In the world of email deliverability, technologies and methodologies are in a constant state of flux. ISPs have to be on the alert for new spam and virus attacks, and as a result are constantly changing their blocking and filtering technologies to combat these problems and to protect their customers. When it comes to delivering email to the Inbox, ISPs also have to be careful about what email they accept, especially regarding senders from which they have never seen email traffic.
A classic example of this is where a company may start with or switch to a different Email Service Provider, and as a result will be sending their email from a brand new IP address. From an ISP’s perspective, this is like “the new kid on the block” – they’ve never seen email traffic coming from this new IP address. They don’t know if these messages are legitimate or simply a spammer that has decided to switch IP addresses. Thus, they are going to be very cautious about the email coming from that new IP address, and will scrutinize it with the full extent of their spam filters until they can ascertain what kind of email is being sent and its impact on their network. If the messages sent generate complaints or high amounts of hard bounces, the ISP will most likely not remove these filters and may opt to bulk and/or block those messages altogether. However, if the messages don’t generate complaints, and are sent to valid email accounts, the ISP will most likely turn down their filters and let email pass through more easily. By the very nature of sending from a new IP address, the sender is building either a good or bad reputation with that ISP.
There is also a volume factor related to building a good sending reputation. Using the above example, if a sender using a brand new IP address, sends to their entire subscriber database, depending on the size of the list, the ISP could see this as a flood of potential spam emails (legitimate or not) and would again use the maximum amount of filtering against them. The sender has then effectively shot themselves in the foot by establishing a bad sending reputation on their first send.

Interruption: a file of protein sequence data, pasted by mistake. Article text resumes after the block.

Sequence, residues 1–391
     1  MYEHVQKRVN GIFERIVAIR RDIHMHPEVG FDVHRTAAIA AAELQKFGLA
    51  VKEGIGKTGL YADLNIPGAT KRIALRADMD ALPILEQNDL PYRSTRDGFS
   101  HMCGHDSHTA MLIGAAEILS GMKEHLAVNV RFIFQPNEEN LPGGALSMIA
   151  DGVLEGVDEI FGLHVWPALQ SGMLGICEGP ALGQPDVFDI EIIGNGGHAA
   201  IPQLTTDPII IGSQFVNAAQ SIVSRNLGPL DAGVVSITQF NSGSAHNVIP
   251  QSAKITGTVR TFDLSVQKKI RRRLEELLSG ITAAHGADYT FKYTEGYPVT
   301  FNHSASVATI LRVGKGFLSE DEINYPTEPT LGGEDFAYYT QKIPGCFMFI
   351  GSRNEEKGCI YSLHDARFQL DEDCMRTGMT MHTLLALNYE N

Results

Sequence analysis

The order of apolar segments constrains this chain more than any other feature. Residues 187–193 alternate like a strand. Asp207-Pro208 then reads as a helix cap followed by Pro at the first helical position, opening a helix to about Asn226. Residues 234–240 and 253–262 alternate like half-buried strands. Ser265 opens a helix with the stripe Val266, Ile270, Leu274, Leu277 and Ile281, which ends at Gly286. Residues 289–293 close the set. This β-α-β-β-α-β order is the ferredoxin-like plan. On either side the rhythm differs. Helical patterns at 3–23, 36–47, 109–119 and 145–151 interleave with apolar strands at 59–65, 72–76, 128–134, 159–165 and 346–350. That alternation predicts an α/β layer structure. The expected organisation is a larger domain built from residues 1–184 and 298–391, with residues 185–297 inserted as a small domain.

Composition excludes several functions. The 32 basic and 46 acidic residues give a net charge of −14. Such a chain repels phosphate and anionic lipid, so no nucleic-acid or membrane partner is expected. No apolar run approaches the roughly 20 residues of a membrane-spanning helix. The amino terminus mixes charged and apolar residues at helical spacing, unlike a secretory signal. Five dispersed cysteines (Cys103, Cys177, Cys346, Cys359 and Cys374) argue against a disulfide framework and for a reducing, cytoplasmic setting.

So the question remains – how do you let an ISP know that you, as a sender are legitimate? Again, from their perspective, a sender sending from a new IP address has built no reputation, or could even start with a negative reputation. It is therefore the sender’s responsibility to build that relationship, and establish a good sending reputation. Here is how this is accomplished:
1. Don’t send spam
Use the best practices that have been discussed on my past blogs:
- Validate email signups
- Send relevant content
- Give full disclosure to the subscriber about what they are receiving
2. Don’t send to your entire list at once
- If you have a list of 200,000 subscribers, which almost always will contain old or invalid emails on it, don’t send to the entire thing at once. Break it up into smaller “chunks”. Give the ISPs a chance to see the types of messages that are coming, and let them establish a sending reputation. Here’s a suggested model to follow:
Sample message volume: 200,000
First send: 2000 or 1%
Second send: 10,000 or 5%
Third send: 20,000 or 10%
Fourth send: 40,000 or 20%
Fifth send: 80,000 or 40%
Sixth send: remaining
If you give the ISPs a chance to get to know you and the type(s) of email you are sending, it will give them a chance to gradually establish a sender reputation for you, which will inevitably be to your advantage.
Until next time,
Drink Responsibly, Drive Responsibly, Email Responsibly
Director of Deliverability